In logic there's a classic called a "False Dichotomy" - the example all parents know is, "Do you want to go to bed now, or in a half-hour?" The 'falseness' comes in that one is only considering two options instead of the multitude that actually exist.
If it IS a dirtbag/thug/badguy and he IS armed, then by all means one should defend oneself appropriately. Problem is , that's not the real world: you have everything from the ax murderer to the chihuahua next door coming towards you. (As a side note, I *did* have the neighborhood chihuahua aggressively approaching me and I was carrying... I chose to risk the bites rather than carry the nickname of "yap-yap" for the rest of my life.)
It might be best to train for and expect an armed assault from a determined aggressor - that way you have the ability and mindset to respond in a timely and appropriate manner. BUT... when the situation warrants a less than lethal response (think of the street photographer's thread recently) it would be very nice to have a proper tool. This would almost be a separate bit of training or drill, rather than a continuum of responses: in the real world, you are not likely to be in a position to do this:
"I'll try verbal, then spray, then draw, then warning shot, then clip him, then center-of-mass, then head shot..."
(OK, I'm over the top - but you get the idea.)
Instead, faced with a violent attack, it's
"If I'm in fear for my life / he has the Ability and Opportunity to kill me and has placed me in Jeopardy: I WILL respond instantly with lethal force."So you're prepared for a lethal assault. But sometimes the assault (or jerk/drunk behavior) is fairly clearly NOT a lethal threat. I submit that one should prepare for that as well, AS A SEPARATE ISSUE,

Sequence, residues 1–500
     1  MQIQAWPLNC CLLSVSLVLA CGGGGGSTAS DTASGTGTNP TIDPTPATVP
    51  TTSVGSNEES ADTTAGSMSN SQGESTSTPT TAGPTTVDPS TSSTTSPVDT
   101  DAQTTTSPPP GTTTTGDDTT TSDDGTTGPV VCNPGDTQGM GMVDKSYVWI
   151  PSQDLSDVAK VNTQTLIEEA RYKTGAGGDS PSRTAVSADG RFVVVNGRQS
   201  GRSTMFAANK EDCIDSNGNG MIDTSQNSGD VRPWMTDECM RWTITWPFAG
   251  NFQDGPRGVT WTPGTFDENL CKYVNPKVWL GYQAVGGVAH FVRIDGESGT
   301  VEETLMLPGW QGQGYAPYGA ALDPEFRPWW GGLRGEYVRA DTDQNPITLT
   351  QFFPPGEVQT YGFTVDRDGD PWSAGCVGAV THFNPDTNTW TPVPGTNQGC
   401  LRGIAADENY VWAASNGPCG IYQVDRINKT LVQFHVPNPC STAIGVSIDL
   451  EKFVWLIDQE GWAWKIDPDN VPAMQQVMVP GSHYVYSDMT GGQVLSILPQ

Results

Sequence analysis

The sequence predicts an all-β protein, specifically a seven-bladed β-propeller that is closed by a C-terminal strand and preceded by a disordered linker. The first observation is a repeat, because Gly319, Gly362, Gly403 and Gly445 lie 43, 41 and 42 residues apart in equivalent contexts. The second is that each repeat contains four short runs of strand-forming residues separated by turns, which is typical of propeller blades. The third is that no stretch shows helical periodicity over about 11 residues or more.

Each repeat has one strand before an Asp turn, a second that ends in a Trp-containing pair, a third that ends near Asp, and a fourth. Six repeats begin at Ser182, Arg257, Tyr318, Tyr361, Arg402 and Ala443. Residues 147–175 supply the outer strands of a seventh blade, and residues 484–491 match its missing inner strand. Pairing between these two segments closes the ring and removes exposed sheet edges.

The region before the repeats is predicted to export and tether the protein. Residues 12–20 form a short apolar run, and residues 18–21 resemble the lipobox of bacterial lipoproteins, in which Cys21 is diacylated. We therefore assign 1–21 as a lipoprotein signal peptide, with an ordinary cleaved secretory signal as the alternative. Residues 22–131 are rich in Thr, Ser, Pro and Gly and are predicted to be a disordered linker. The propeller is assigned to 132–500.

"If I feel threatened by someone's actions but not in fear for my life (etc.), I'll have something other than hand-to-hand to deal with it."And it is also useful to have the can of spray actually in one's hand while in the parking lot, while having pistol in hand with safety off may not be warranted. And a can of spray in hand with safety off COULD conceivably be used in the progression of force we would all probably like to be able to use: he approaches, I yell-spray-toss-the-can-and-draw... and if he has collapsed or is stumbling away then I reholster. But in this case the assumption and training is that Part 1 and 2 didn't work, Part 3 is in progress, and I'm willing and able to do Part 4 immediately if needed with little delay compared to a simple draw-and-fire.
And I am not keen on stepping into an unknown situation: imagine spraying an undercover cop: he's NOT likely to say, "sorry, old chap, wrong party" - rather, he's likely to draw, then I would respond to that threat... ugly, ugly, ugly. One of my church family and a guy with a ski-mask and AK? Easy - but that's not OC time.
I support Glockman10mm's concept, but am in the "preserve my family" camp: a bad guy is on his own. That said, avoiding the legal/financial hassles after a shooting is ALSO part of "preserve my family", but the emphasis is on protecting those God has given to my charge rather than protecting the bad guy from consequences to his actions.